Sen. Kirsten Gillibrand wants you to know she isn't "very polite."
The 2020 Democratic presidential candidate is seizing on a moment from a Fox News town hall on Sunday when host Chris Wallace chastised the New York Democrat for attacking the right-leaning network's coverage of abortion.
Gillibrand, after a nurse asked her about late term abortions, defended her pro-abortion rights views and, while looking at Wallace directly, accused Fox News of pushing a "false narrative" around the issue and saying its coverage was a "problem."
Wallace responded: "I understand, maybe to make your credentials with the Democratic base who are not appearing on Fox News, you want to attack us, but I'm not sure it's frankly very polite."
Women candidates, more than their male counterparts, are often criticized for appearing impolite or not smiling enough. In 2016, then-GOP candidate Donald Trump referred to his Democratic opponent Hillary Clinton as a "nasty woman." The phrase later became a mantra for the Women's March after Trump's election.
Gillibrand responded to Wallace by saying she will criticize the network "in a polite way," but argued that "what happens on Fox News is relevant" because of its influence, especially on loyal viewers.
Democratic candidates have publicly debated whether to go on Fox News, including for town halls hosted by the network. The Democratic National Committee declined to give Fox News a primary debate, and Sen. Elizabeth Warren has publicly rejected an invitation to participate in a town hall on Fox News, saying the conservative network is a "hate-for-profit racket." Other candidates have said they would happily take a town hall on the network. South Bend Mayor Pete Buttigieg used his Fox News town hall to attack the network's primetime lineup.
Following the town hall, Gillibrand's team quickly worked to turn the moment into momentum, which her campaign needs. Since announcing her candidacy earlier this year, Gillibrand has built a serious campaign and rolled out a series of policies but has failed to gain much traction in polls or in fundraising.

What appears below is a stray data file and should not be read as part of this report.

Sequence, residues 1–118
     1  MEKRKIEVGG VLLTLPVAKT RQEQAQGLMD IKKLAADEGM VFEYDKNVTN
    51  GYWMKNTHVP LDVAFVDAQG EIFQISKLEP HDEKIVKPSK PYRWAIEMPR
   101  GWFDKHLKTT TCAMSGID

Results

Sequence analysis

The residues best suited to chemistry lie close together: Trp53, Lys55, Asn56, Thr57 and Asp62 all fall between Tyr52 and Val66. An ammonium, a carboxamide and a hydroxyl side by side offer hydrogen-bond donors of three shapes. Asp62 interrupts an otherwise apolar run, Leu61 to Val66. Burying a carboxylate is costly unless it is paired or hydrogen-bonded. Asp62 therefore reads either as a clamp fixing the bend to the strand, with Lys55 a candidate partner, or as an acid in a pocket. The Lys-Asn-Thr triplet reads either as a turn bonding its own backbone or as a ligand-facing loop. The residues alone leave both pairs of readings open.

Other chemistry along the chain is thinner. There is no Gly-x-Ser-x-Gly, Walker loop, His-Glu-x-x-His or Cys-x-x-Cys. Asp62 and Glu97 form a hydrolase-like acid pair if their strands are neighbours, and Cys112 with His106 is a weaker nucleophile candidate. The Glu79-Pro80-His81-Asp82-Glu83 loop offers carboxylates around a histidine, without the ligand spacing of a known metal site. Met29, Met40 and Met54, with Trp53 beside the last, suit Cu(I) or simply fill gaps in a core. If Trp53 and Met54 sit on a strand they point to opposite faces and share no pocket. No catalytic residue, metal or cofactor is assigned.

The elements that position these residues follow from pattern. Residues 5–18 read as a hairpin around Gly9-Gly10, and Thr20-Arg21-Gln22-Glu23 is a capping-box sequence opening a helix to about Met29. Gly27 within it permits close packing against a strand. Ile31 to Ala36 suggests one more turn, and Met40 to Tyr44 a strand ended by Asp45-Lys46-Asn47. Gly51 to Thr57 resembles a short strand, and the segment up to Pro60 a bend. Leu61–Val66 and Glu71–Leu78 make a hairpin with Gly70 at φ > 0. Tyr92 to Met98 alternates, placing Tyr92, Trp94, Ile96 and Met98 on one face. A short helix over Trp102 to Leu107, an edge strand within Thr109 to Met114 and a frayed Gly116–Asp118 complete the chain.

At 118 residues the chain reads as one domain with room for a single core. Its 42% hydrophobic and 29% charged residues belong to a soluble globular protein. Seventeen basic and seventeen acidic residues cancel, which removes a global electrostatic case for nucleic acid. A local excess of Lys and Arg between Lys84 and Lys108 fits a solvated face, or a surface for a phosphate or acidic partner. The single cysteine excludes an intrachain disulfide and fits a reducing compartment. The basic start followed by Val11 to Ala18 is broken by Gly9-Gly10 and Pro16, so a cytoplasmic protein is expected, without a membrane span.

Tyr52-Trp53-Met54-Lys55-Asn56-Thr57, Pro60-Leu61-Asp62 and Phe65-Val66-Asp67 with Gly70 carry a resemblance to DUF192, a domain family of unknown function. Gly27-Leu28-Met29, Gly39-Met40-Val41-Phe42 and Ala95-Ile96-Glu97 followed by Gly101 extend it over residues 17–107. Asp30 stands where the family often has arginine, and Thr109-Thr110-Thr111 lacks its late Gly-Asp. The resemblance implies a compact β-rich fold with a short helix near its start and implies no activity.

On Monday morning, the senator tweeted a video of her exchange with Wallace.
"I'm never going to stop fighting for women and for our progressive values -- whether or not it's considered "polite." That's why I'm running for president," she wrote.
Also that morning, her campaign changed her Twitter bio to reflect the comment.
"Mom to Theo, Henry and dog Maple. Wife to Jonathan. U.S. Senator from NY and candidate for president. Not 'very polite,'" read the new profile.
And, shortly after that, her campaign began selling a tote bag that read, "Frankly, not very polite."
Gillibrand, along with a handful of other presidential candidates, have joined the fight against a string of restrictive new abortion laws in states like Alabama, Georgia and Missouri, among others, hoping to turn the backlash into a rallying cry for Democrats in 2020. These Democrats have accused Trump's support for the laws as a "war on women."
The clearest sign of this happened in May, when a string of 2020 candidates took to the steps of the Supreme Court to rally with Planned Parenthood and other progressive groups in opposition to the new laws.
"This is something that President Trump has unleashed," Gillibrand said during an interview with CNN at the rally. "He apparently wants to have a war on women in America, and if this is a war that he wants to have, he will have it, and he will lose it, because American women are not going to accept this."
A spokesperson for Fox News did not respond to a request for comment on this story.
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